Do you ever look at the check after a nice dinner and wonder how much of a tip to leave? Is the standard gratuity 18 percent or is it now 20 percent? If this is your post-dinner scenario then perhaps a visit to New York City's Sushi Yasuda is in order. The restaurant has banned tips; yes, it actually prohibits its diners from leaving gratuity because the wait staff receives a full salary.
Owners of the boutique sushi restaurant, which only seats 45 diners, raised prices to cover the extra costs of providing servers a full salary, paid vacation and sick leave. This isn't a typical benefits package for servers, who usually earn an hourly rate that is substantially less than the standard minimum wage. Tips often make up the difference and in a high-end restaurant like Sushi Yasuda, the tips can be great; but on slow days, it doesn't matter how well customers tip.
You know what else is great? Being able to budget based on a fixed salary. I can't even imagine how difficult it is for a waiter to map out his monthly budget based on a fluctuating income. I imagine that peace of mind is an added benefit of the move to salaries from an hourly pay rate plus gratuity.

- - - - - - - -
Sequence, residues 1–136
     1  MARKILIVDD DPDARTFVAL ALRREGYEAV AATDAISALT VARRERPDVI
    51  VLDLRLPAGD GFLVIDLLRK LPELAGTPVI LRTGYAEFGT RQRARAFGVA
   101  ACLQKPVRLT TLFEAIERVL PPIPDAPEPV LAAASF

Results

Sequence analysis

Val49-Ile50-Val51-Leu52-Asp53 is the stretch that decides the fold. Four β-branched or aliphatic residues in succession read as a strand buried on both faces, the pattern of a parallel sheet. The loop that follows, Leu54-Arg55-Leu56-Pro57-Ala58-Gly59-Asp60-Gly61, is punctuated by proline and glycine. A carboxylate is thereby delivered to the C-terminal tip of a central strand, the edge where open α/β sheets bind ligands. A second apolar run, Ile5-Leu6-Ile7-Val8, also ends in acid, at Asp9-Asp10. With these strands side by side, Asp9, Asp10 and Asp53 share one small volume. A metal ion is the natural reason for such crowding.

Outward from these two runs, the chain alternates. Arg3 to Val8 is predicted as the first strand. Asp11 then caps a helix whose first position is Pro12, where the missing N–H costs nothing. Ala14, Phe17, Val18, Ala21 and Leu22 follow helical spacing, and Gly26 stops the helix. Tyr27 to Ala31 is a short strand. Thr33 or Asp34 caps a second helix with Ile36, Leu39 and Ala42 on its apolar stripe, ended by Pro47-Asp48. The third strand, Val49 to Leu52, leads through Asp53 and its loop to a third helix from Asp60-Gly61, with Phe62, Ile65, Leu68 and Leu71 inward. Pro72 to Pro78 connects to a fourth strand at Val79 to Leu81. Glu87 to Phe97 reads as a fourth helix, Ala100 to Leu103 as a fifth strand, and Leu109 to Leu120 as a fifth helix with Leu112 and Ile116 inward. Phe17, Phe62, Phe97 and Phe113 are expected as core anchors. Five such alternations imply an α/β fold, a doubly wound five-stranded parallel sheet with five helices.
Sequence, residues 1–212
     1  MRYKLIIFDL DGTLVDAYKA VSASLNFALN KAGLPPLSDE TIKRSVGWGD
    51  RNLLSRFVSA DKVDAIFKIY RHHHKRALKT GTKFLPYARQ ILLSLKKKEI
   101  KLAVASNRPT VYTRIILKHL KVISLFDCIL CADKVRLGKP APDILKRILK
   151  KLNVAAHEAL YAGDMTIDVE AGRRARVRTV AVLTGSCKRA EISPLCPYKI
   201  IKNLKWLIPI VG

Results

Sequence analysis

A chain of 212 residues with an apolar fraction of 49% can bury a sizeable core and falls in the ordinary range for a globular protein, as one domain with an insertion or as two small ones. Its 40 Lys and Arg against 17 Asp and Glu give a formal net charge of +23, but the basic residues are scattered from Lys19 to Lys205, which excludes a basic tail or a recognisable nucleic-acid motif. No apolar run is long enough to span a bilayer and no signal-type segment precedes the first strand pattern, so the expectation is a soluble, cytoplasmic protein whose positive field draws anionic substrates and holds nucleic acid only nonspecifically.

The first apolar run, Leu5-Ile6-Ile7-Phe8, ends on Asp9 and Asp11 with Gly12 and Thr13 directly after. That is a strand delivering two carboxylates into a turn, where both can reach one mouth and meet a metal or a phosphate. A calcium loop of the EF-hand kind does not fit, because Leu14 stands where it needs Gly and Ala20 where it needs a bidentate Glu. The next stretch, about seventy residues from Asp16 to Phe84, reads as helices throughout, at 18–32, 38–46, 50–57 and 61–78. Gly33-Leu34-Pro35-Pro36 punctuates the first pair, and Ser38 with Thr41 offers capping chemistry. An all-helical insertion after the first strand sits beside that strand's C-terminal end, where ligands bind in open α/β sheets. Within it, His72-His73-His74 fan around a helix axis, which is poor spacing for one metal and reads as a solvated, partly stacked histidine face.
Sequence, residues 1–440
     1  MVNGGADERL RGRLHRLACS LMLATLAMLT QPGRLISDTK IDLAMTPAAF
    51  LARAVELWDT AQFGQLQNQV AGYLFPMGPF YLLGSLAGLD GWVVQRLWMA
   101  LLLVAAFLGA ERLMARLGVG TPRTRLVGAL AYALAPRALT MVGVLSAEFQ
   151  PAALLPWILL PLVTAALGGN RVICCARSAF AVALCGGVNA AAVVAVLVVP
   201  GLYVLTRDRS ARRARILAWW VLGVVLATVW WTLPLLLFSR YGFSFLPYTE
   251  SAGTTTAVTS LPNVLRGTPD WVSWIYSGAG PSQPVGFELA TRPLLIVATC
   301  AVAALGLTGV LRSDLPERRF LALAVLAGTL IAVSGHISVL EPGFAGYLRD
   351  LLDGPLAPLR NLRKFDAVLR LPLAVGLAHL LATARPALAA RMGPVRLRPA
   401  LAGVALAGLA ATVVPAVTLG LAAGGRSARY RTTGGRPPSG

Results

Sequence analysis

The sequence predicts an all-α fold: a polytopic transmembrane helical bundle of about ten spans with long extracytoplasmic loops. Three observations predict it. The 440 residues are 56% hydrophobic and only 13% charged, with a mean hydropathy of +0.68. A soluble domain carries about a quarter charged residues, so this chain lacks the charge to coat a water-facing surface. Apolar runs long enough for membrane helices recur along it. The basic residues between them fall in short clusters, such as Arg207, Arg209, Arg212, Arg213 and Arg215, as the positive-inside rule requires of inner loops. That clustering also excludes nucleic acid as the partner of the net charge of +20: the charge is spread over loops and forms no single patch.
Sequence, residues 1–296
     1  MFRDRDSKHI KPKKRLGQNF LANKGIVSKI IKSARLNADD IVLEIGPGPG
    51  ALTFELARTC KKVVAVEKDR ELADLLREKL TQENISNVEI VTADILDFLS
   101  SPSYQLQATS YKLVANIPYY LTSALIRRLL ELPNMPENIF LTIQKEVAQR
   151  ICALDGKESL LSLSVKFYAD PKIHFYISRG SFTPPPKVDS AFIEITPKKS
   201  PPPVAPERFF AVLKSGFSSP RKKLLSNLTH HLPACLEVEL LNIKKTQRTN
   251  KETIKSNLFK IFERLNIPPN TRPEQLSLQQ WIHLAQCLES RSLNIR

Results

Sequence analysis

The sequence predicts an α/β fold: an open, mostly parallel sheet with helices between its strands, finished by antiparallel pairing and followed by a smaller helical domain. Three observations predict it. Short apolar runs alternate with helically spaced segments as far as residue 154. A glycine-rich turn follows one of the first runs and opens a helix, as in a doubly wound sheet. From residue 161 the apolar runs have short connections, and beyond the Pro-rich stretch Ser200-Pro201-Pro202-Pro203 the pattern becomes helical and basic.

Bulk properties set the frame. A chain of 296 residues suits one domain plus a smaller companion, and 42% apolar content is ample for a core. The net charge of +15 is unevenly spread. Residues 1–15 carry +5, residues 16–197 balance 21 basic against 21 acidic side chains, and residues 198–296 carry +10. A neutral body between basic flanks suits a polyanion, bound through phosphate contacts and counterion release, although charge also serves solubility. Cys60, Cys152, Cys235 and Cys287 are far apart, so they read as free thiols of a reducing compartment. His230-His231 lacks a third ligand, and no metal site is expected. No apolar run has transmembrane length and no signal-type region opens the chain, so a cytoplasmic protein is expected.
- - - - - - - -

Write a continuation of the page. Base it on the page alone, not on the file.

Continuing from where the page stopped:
Daisy Chung, executive director of the Restaurant Opportunities Center of New York, shared her thoughts on the move to salaries with ABC News, "It started a good conversation about tips and restaurant compensation," Chung said, adding that inclement weather, for instance, is something that deters diners and thereby limits tips no matter how good the service. "We definitely feel there shouldn't be a separate system where tip workers rely on tips to subsidize their wages," Chung said. "Workers should be fully compensated."
The move has presented somewhat of a challenge to Sushi Yasuda customers, though. ABC News reported that despite the "no tips" messages, some customers still tried to write in a tip. I know that I'd have to look twice if I saw a message that said, "no tipping." I'd probably ask the server about the policy because I'd hate to misinterpret a message like that and stiff my server.
What do you think; is the move to salaries good for the serving industry?
via [ABC News]
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